Posted on Sep.23, 2010, under Architecture
(Nikon D700, 50mm, ISO 200, Exposure 1/30 sec @ f/8.0)
I was looking through my Lightroom catalog trying to find images which might be fun to play with using the Silver Efex Pro plugin I just purchased. As I scanned across the folders, I found a series of images that I had taken at the Michigan Central Depot in Detroit, Michigan. The building is famous for both its beauty and sorry condition. It has been threatened with demolition, and yet it still stands. Several movies have been shot here and it is a popular place for urbex photographers to visit.
The image I selected was not one of the best shots of the day. In fact, it was in a collection of images that I had marked as rejected. The composition wasn’t great and the picture was way overexposed. I think I had been playing around with shooting HDR brackets and I had forgotten to reset it. I just just recently purchased my Nikon D700 and was still learning how to use it. Sometimes an overexposed image can be pretty cool (witness some of the high key images done by David Nightingale of Chromasia fame, but I didn’t think this was one of those images. Anyway, just for kicks I decided to see what the image would look like if I fixed the exposure. From previous experience with my D700 images, I knew that even though the Lightroom histogram might be showing things shoved way over to the right (and beyond), it was possible to recover much of the image by simply reducing the exposure. To get the exposure more in the right range, I reduced the exposure 1.8 stops.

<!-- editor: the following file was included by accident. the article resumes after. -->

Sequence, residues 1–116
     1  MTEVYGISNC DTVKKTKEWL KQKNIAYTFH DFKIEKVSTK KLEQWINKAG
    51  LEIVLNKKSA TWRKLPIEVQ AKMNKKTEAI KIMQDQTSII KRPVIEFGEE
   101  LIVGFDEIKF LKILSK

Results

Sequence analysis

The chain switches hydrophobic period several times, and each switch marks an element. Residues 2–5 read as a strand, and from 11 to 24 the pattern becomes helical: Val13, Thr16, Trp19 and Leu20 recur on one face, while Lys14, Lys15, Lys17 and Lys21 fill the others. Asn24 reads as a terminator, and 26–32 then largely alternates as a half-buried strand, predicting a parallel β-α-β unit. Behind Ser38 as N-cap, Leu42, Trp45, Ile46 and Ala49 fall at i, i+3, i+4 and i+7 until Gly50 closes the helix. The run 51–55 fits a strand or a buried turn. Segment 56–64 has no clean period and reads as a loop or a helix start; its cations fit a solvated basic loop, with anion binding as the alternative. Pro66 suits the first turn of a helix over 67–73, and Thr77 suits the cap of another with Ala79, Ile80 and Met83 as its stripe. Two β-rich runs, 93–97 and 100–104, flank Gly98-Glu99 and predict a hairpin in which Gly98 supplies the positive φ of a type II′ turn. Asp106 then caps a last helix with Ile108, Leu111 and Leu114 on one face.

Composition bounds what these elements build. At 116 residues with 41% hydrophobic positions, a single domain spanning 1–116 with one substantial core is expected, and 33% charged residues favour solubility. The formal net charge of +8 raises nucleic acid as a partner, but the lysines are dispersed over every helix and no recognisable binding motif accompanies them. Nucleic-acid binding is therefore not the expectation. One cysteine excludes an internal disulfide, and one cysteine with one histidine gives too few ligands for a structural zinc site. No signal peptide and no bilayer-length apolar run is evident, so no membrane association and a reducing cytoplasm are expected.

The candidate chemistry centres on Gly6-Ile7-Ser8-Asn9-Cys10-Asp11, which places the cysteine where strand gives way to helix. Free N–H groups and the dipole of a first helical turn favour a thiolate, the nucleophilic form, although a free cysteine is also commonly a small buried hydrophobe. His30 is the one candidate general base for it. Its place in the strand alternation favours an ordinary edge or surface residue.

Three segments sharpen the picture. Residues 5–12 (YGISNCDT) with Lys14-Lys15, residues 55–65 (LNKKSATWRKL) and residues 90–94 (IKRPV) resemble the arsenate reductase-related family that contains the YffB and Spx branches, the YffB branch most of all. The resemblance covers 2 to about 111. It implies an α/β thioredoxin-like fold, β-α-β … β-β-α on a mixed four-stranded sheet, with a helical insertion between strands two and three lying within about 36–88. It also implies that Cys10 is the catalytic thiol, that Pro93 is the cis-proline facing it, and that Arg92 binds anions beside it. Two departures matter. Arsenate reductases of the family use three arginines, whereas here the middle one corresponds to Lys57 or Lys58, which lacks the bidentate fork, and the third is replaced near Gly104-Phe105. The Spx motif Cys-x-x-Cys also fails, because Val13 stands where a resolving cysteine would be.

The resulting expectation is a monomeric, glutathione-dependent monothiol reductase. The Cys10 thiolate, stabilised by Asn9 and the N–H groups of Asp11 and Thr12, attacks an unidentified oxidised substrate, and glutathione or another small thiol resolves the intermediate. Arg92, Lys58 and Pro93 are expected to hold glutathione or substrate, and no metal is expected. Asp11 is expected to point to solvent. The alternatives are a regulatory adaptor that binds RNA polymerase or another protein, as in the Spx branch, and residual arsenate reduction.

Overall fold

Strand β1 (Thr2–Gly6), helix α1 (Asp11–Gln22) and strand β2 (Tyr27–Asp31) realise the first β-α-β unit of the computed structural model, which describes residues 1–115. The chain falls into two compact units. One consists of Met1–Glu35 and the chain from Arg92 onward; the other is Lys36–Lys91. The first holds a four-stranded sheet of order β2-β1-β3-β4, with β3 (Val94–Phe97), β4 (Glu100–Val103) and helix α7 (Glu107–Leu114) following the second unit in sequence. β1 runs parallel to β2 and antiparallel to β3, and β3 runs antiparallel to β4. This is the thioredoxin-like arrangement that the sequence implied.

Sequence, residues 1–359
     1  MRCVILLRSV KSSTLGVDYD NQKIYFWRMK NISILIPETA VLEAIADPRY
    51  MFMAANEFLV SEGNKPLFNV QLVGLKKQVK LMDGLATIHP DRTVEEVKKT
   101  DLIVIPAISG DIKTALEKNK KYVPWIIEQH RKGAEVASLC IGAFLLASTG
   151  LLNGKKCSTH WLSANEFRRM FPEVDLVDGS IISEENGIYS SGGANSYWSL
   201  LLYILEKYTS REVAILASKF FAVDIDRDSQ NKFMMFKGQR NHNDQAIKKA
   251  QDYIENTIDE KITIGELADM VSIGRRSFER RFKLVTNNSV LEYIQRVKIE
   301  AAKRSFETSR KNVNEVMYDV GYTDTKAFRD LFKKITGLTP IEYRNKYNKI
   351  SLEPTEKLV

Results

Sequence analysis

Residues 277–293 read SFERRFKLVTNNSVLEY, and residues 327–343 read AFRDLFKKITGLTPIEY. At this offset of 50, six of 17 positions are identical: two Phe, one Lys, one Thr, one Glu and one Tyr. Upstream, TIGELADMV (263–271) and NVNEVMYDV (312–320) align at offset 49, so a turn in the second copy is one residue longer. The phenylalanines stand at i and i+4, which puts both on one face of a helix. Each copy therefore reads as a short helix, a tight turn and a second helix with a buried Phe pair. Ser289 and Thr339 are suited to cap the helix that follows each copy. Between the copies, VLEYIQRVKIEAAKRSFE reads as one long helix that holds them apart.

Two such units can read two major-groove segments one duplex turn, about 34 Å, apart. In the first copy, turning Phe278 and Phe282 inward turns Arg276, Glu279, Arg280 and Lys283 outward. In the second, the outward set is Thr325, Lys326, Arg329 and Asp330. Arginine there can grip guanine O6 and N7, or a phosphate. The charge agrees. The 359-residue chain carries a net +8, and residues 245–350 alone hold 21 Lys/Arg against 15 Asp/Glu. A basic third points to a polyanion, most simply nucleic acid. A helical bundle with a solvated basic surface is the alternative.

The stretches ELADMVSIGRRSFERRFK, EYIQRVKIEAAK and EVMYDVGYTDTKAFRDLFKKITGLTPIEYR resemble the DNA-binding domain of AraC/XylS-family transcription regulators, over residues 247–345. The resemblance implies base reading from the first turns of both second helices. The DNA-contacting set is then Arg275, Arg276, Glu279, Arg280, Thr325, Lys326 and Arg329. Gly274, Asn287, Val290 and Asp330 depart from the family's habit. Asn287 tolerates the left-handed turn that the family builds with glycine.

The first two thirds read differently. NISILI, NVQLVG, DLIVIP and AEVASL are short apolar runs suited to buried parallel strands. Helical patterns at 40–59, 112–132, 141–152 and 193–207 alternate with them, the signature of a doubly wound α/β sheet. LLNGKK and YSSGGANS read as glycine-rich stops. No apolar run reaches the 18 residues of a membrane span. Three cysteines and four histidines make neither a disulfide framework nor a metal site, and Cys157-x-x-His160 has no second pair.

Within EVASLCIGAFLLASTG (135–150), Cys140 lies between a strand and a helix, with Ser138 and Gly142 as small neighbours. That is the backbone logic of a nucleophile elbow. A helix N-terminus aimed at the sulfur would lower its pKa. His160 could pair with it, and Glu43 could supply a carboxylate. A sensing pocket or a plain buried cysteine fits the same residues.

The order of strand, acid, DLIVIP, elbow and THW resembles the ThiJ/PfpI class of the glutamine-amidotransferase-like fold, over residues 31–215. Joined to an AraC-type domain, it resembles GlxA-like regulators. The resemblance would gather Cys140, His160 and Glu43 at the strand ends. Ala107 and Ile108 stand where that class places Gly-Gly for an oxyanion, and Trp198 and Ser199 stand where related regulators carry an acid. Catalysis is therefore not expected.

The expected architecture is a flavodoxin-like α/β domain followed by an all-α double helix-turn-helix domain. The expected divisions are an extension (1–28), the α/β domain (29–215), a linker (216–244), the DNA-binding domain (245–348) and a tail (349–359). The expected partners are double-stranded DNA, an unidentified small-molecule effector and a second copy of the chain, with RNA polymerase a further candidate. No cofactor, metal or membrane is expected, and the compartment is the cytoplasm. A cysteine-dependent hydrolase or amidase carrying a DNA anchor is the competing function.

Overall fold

In the process of working on the image I had zoomed in. As I moved the Lightroom loupe around I encountered a crop that I really liked. I played with the crop a bit and took the cropped image into Photoshop. Once in Photoshop, I did some perspective correction to straighten the lines up a bit. I then opened Silver Efex Pro and did the black and white conversion. One of the adjustments I really liked in the tool is something called ‘structure’. Basically it seems to add additional detail to an image. I then selected a low grain film and reduced the grain even further. Finally I selected a light sepia tone for the entire image. When you compare it to the original image, I think it is quite an improvement. I’m hoping the Michigan Central Depot can make an equally or even more impressive recovery.
Copyright © 2010 James W. Howe – All rights reserved.